The corpse has been reminded that “lyce or neytes in þi hede alway, / Wormes in þe handes, fleese in þe bedde” (131-32; lice or nits always [have been] on your head, worms in your hands, fleas in your bed). In discovering herself to be food, she also discovers herself to have been food all along, an unwitting host to a world of others. Put another way, the “food for worms” topos offers itself readily as a textual pre-history to the new materialism's frequent (and welcome) bacterial perorations. I offer two examples:
The surfaces of living beings are envelopes and filters, thick regions where complex chemical transfers and reactions take place....At a microlevel, it becomes impossible to tell whether the mishmash of replicating entities are rebels or parasites: inside-outside distinctions break down. (Morton, The Ecological Thought, 36).
Similarly, Jane Bennett glosses an observation that “the bacteria in the human microbiome collectively posses at least 100 times as many genes as the mere 20,000 or so in the human genome,” with “the its outnumber the mes. In a world of vibrant matter, it is thus not enough to say that we are 'embodied.' We are, rather, an array of bodies, many different kinds of them in a nested set of biomes” (112-113). Matter, vulnerable, temporary, and always sliding towards dissolution, breeds worms, which is to say, a host of abysses perforate it; as Isidore of Seville explains, worms “are generated in putrid meat, the mothworm in clothing, the cankerworm in vegetables, the wood-worm in wood, and the tarmus in fat” (XII.v.18, Barney et al., trans.).

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And. FOLKS, if you're still with me, this is as far as I know what to say. I know I'll have to do more about abysses, then say something witty and helpful about the ethics of flat ontology, and then vainly CMA by dutifully apologizing to the traditional readings that cluster around British Library, Additional 37049, and finally offer another nice worms' eye view. But for the love of Pete, I just don't know how to end the last paragraph! This probably means scrapping the last two graphs and rebuilding them, and maybe digging for inspiration in Gillian Rudd's Greenery.

8 comments:

Jeb said...

I thanked Jeffrey in the last post on wet/dry. What was flashing through my mind while reading the post was the same strong sense of identification I got from the first paper I read on identity by a certain Prof Cohen. It was the first time I read something I agreed with strongly on the subject and was surprising and exciting.

Works from start to finish. Place it alongside the sources I use it just works and adds clarity.

Abyss/ Wet/Dry. Perfect!

E. R. Truitt said...

Great stuff! Karl, you may find it helpful to look at some of the natural philosophy surrounding ideas of death, decay, and putrefaction. Book IV of De Metereologica is pretty canonical on how bodies desiccate and die and how putrefaction occurs. There are also a couple of articles on humidum radicale and the metaphor of the lamp that might be useful to you. I also have some references to articles (one of mine, one of someone else's) about putrefaction and moisture that you might find interesting. Feel free to contact me off-list, if you like.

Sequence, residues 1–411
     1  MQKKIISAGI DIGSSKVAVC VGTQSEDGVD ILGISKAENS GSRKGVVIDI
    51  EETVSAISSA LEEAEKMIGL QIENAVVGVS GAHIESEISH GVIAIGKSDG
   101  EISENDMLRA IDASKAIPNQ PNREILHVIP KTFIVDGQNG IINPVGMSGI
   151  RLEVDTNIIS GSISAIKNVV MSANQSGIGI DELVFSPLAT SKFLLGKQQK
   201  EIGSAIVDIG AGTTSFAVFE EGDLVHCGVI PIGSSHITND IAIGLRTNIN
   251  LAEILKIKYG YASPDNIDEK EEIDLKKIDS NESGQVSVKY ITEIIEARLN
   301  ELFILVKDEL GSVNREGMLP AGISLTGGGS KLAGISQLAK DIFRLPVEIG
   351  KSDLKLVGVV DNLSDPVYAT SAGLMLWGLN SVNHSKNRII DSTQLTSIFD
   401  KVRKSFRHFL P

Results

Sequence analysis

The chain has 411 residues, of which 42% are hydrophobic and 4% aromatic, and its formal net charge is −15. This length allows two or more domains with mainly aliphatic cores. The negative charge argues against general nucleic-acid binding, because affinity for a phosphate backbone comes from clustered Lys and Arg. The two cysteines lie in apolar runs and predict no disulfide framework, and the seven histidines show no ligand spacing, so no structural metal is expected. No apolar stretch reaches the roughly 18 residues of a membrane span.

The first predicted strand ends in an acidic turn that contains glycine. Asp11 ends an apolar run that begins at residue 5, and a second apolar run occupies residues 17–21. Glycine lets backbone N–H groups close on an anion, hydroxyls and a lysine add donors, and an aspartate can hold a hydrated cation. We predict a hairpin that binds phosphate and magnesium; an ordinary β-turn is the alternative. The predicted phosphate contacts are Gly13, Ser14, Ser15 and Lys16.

Karl Steel said...

thanks Jeb, very pleased to hear it. and thanks ALSO ERT (by the way, folks: here's a medieval robots blog to add to your readers), who has been written by me.

Looking forward to doing more putrefaction reading today. After all, what else can one do in the city of lights?

Karl Steel said...

ERT: just read your balm article. Great stuff, also! First, I'm clearly going to need to nuance my wet death/dry death. I'll also need to read the Patrice Georges, Peter H. Niebyl, Michael McVaugh, and *especially* the Katherine Park you cite, in addition to the Aristotle. Looking forward to it!

BTW, you've seen Paul Strohm's Hector article in the anthology Lydgate Matters? It's short and fun and will be a nice supplement to what you're doing.

Clara Bosak-Schroeder said...

The worms are active here, as you say, but is not their attention (and intention) centered on the human?

Ne not departe fro þe to deth on þe went;
Þe to frete & to gnawe was oure intent,
And after come with þe to our regyowne,
þi flesche here to hafe for þair warysowne.

Eileen Joy said...

Karl: thanks for sharing your Abyss essay like this; it's very generous, and I've been enjoying it. It reminded me that a couple of years ago Nicola M. and Anna K. co-organized two panels on the post-abysmal and that there was much rich food for thought offered in those 2 panels [here and there, not in all the papers] regarding abysses as sites of productivity/natality/materialist re-shufflings. I reflect, especially after reading your posts, that the argument could be made for the abyss as a site of queer natality and new dis/orders [with dis/order here meaning something like "sick/dysfunctional orders" but also "Bakhtinian play which is productive of new meanings just under the nose of the dominant powers/readings"]. This might also be a way toward talking about the medieval post-human death abyss as one place where flat ontology [to cadge from Linda Charnes: http://emc.eserver.org/1-6/charnes.html] "crash lands" through a "worm-hole" from the future.